View full screen - View 1 of Lot 113. Ian Fleming | You Only Live Twice, uncorrected proof for Playboy, with related correspondence, 1963-64.
113

Ian Fleming | You Only Live Twice, uncorrected proof for Playboy, with related correspondence, 1963-64

Margin Scheme

Estimate:

40,000

to
- 60,000 GBP

Ian Fleming | You Only Live Twice, uncorrected proof for Playboy, with related correspondence, 1963-64

Ian Fleming | You Only Live Twice, uncorrected proof for Playboy, with related correspondence, 1963-64

Estimate:

40,000

to
- 60,000 GBP

Lot sold:

50,400

GBP

Fleming, Ian


You Only Live Twice


uncorrected proof copy for the first English edition, marked up for serial publication in three parts in Playboy Magazine, WITH CORRECTIONS IN RED BALLPOINT, SEEMINGLY AUTOGRAPH, TO 53 PAGES, and with further extensive corrections and emendations, mostly in pencil, by the copyeditor, including about 16,000 words marked for deletion, three stapled slips marking tripartite division for serial publication, 8vo, 1963-64, loose in original olive printed wrappers, housed in a blue morocco gilt folding box; light wear to wrappers; adhesive staining to the three slips marking division


[with:] File of correspondence relating to the text: including two letters signed by Phyllis Jackson, Fleming's American agent, to A.C. Spectorsky of Playboy, sending him a typescript of You Only Live Twice ("this is not the final edited copy") and subsequently the current "corrected proof" of the novel, 21 August and 28 October 1963; letter signed by Beryl Griffie-Williams, the author's secretary, to Playboy, with accompanying one-page list of further corrections to the text (with a pencil note that the list was "Typed by Fleming"), 19 November 1963; Ian Fleming, carbon copy letter, initialled, to Michael Howard of Jonathan Cape Ltd ("...We seem to be having the most tremendous arguments about what is a "Tanka" and what is a "Haiku"..."), 1 page, 5 December 1963, this copy then forwarded to Playboy; two carbon copy letters by Howard to Fleming on Japanese prosody and other final textual issues, 2 pages, 6 December 1963, and a carbon copy letter by Griffie-Williams to Howard agreeing to his changes on Fleming's behalf, 10 December 1963; autograph notes by Arlene Bouras of Playboy on the novel and calculations on cuts to the text ("Total word count 68,181; material cut 16,002 | leaving 52,179"), 13 pages, headed notepaper; list of Japanese terms used in the novel, typed and handwritten, 3 pages; total 12 items, each in an individual archival plastic sleeve


A PROOF COPY INCORPORATING FLEMING'S FINAL REVISIONS TO HIS PENULTIMATE BOND NOVEL, AND REVEALING ITS PREPARATION FOR SERIAL PUBLICATION. The novel was serialised over three issues of Playboy from April to June 1964, just after the publication of the first edition in March. The magazine began work some months before the book appeared and based their text not on a fully corrected text but on this uncorrected proof, hand-corrected by the author, which they were sent on 28 October 1963. The current proof includes autograph corrections that are not in the list of textual corrections printed by Gilbert. Playboy were presumably sent this text at such an early stage to allow them to make the cuts that would be needed to fit the text into the three issues of the magazine. However, the text was not quite final: the editorial staff at Playboy themselves inserted a further short list of corrections sent by Fleming's secretary on 19 November, and they were sent correspondence on further revisions well into December.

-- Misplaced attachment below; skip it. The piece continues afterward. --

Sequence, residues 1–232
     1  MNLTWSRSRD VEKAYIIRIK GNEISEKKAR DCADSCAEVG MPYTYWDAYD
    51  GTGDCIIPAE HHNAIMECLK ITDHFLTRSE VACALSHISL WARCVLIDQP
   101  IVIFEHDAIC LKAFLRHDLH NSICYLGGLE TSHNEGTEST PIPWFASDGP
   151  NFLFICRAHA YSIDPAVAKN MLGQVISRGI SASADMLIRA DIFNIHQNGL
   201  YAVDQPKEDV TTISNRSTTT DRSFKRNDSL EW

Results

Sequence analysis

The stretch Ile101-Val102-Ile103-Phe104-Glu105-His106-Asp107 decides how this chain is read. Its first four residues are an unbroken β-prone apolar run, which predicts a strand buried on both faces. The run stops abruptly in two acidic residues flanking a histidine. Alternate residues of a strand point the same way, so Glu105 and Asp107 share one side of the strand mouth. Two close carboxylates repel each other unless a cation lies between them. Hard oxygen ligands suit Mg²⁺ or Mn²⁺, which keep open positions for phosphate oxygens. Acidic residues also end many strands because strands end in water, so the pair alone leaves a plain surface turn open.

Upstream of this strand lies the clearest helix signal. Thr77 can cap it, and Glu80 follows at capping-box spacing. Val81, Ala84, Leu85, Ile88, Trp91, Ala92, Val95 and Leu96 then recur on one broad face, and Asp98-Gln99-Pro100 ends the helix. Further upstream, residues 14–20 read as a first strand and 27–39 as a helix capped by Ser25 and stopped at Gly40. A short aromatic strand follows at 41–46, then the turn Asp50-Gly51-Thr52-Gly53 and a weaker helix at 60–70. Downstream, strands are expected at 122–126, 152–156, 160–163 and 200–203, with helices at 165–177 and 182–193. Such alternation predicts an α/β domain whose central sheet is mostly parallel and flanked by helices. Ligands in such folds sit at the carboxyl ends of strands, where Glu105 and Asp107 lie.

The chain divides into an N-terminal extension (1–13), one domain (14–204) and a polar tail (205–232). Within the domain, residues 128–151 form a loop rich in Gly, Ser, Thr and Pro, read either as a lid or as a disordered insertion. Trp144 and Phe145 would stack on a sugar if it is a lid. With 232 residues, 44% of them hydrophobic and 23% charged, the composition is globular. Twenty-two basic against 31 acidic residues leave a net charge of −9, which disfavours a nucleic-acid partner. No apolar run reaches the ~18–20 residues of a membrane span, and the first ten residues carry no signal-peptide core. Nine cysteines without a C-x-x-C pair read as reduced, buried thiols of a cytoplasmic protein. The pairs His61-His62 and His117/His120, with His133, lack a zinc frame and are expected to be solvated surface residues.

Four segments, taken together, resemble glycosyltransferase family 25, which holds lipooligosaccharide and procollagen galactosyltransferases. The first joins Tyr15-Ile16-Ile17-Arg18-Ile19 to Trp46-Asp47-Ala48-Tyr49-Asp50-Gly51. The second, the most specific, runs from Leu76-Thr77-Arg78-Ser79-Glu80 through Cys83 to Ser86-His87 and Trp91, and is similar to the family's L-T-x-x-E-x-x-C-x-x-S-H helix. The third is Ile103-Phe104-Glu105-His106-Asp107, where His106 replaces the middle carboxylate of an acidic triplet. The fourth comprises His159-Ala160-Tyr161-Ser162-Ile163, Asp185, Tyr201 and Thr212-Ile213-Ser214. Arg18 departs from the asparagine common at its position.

The long association between James Bond and Playboy began in 1960 when the magazine printed 'The Hildebrand Rarity' shortly before its appearance in Fleming's collection of Bond stories, For Your Eyes Only. On Her Majesty's Secret Service was serialised in Playboy in 1963 (a compliment returned in the 1969 film, which includes a scene in which Bond reads a copy of the magazine), whilst the January 1964 issue included 'Property of a Lady' - Bond's foray into the auction world, commissioned by Sotheby's for its own magazine in 1963. The Man with the Golden Gun and Octopussy both appeared in Playboy later in the 1960s, and as late as the 1990s two of Raymond Benson's James Bond stories were published in the magazine.


LITERATURE

Gilbert, A12a


PROVENANCE

Playboy Magazine; Christie's, New York, 17 December 2003, lot 75; Sotheby's, London, 12 December 2012, lot 115

Condition is described in the main body of the cataloguing, where appropriate.


The lot is sold in the condition it is in at the time of sale. The condition report is provided to assist you with assessing the condition of the lot and is for guidance only. Any reference to condition in the condition report for the lot does not amount to a full description of condition. The images of the lot form part of the condition report for the lot. Certain images of the lot provided online may not accurately reflect the actual condition of the lot. In particular, the online images may represent colors and shades which are different to the lot's actual color and shades. The condition report for the lot may make reference to particular imperfections of the lot but you should note that the lot may have other faults not expressly referred to in the condition report for the lot or shown in the online images of the lot. The condition report may not refer to all faults, restoration, alteration or adaptation. The condition report is a statement of opinion only. For that reason, the condition report is not an alternative to taking your own professional advice regarding the condition of the lot. NOTWITHSTANDING THIS ONLINE CONDITION REPORT OR ANY DISCUSSIONS CONCERNING A LOT, ALL LOTS ARE OFFERED AND SOLD "AS IS" IN ACCORDANCE WITH THE CONDITIONS OF SALE/BUSINESS APPLICABLE TO THE RESPECTIVE SALE.